November 21, 2016 By Regina Pratt
Member of Parliament of the main opposition Sierra Leone People’s Party(SLPP) from the Moyamba district has demanded that the Minister of Finance and Economic Development; Momodu Kargbo, explained to the house the Le10.2 billion difference in subsidies paid in September this year by the government.
Making her contributions on debate of the 2017 Appropriation Bill, Hon. Veronica Sesay said there was a difference with regards the calculation of government expenditure for September, 2016, as stated on page 2, paragraph 5 and 6 of the 2017 budget.
According to her, the social safety net programmes were expanded as a result of the negative impact of the shocks on incomes and welfare.
“I would have loved the Finance Minister to be in Parliament during this debate. I will not say anything until and unless the minister is here to convince me on the overall figure as there is a difference of Le10.2 billion on the calculations,” she said.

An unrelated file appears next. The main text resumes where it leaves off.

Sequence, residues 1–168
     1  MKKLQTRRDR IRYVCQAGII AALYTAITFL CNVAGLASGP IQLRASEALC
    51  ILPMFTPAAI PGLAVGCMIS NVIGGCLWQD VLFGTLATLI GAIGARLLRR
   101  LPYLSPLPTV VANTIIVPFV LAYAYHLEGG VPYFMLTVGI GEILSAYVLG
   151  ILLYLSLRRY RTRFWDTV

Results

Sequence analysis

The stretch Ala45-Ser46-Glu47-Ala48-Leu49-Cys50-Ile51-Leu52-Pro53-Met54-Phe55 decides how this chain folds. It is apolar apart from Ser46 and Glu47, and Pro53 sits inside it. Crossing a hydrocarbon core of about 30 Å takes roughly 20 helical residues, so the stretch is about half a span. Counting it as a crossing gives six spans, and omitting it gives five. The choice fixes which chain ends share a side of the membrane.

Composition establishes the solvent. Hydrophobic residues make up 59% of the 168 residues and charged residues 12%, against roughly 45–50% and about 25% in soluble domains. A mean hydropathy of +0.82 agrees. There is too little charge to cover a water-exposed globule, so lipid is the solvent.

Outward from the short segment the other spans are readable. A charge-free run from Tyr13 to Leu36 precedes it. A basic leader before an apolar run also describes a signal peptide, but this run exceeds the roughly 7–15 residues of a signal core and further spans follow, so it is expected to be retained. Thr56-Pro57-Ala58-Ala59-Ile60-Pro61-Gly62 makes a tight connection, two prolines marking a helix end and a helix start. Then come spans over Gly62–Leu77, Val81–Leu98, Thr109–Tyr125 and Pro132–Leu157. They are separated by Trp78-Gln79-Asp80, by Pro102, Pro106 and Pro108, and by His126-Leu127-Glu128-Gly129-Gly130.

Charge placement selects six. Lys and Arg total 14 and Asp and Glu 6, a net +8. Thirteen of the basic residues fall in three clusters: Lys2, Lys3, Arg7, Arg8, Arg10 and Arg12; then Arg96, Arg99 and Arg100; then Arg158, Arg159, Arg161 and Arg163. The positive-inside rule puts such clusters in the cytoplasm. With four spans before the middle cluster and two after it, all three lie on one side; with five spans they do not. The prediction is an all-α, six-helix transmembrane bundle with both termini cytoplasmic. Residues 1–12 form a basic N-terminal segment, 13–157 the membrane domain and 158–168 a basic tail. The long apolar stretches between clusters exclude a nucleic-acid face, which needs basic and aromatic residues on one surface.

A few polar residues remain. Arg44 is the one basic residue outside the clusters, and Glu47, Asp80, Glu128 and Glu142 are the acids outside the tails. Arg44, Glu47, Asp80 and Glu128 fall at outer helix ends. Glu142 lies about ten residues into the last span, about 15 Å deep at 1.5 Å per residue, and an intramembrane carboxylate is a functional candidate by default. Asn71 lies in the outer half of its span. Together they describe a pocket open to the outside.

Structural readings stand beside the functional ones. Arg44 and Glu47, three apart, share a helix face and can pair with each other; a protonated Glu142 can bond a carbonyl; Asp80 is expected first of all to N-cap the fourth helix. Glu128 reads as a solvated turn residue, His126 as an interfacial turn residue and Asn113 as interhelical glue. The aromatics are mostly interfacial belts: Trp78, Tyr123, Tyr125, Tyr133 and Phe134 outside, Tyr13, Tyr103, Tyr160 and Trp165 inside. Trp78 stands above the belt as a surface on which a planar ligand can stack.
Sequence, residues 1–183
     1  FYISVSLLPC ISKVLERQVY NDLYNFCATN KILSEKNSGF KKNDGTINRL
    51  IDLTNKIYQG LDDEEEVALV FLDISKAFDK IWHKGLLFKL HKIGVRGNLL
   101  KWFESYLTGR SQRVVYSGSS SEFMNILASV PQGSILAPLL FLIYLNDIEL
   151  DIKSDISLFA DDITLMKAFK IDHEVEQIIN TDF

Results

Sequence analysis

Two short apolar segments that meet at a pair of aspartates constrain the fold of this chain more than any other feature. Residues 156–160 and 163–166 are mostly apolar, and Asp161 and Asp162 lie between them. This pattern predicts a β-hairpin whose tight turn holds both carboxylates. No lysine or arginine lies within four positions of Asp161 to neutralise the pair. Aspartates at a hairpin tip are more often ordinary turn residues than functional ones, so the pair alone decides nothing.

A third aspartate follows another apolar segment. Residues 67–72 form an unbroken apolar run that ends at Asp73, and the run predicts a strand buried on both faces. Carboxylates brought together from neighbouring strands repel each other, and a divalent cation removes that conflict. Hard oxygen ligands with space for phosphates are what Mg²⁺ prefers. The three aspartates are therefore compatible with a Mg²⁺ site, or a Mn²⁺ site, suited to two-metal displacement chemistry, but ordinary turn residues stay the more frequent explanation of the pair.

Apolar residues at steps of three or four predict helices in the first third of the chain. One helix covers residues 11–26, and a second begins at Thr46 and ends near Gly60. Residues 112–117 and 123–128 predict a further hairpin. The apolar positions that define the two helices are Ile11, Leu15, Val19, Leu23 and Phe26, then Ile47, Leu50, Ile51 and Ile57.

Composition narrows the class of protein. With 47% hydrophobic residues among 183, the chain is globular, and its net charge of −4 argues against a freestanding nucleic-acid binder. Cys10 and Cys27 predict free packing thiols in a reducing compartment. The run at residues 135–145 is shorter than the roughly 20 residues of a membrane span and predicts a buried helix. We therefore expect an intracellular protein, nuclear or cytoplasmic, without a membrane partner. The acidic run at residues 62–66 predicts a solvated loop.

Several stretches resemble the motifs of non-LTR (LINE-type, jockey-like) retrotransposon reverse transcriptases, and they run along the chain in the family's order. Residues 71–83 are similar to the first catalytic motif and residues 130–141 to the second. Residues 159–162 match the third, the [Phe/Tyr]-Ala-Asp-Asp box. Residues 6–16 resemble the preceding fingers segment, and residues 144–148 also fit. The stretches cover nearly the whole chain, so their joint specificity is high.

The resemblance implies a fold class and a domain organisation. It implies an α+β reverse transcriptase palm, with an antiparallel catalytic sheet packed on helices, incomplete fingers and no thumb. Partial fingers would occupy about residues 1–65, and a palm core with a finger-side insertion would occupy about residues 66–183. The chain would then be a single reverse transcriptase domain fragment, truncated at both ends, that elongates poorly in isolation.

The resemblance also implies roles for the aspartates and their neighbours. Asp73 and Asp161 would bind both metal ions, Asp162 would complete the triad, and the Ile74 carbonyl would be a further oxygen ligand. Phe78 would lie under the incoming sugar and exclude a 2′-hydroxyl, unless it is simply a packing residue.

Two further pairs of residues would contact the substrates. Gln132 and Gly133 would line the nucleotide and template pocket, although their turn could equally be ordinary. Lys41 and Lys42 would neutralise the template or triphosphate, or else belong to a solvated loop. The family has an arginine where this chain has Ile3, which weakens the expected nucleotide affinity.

She opined that they were representatives of the people who expect them to say the truth and put the government on its toes.
Hon. Sesay claimed that when all the figures were added, the total would have been Le331.2 billion instead of the Le341.4 billion as stated in the 2017 budget.
“I am not underrating his Minister of State but he did not present the budget to us,” she added.
The deputy minister, Patrick Conteh, had informed the House that is was a typographical error.
As at end September 2016, the budget indicated that government spent Le 137.5 billion on tuition fees for university students, Le 6.4 billion as grant to boarding homes and handicap schools and Le 23.6 billion for the girl child education programme.
The budget also states that over Le 61.0 billion was transferred to all the 19 Local Councils to cover school fee subsidies for primary schools, examination fees for the Basic Education Certificate Examinations (BECE) and West Africa Senior School Certificate Examinations(WASSCE), as well as solid waste management services.
A total of Le 25.2 billion was provided by the government to support the Free Healthcare programme through the procurement and supply of basic drugs, malaria prevention and control, as well as immunization programmes.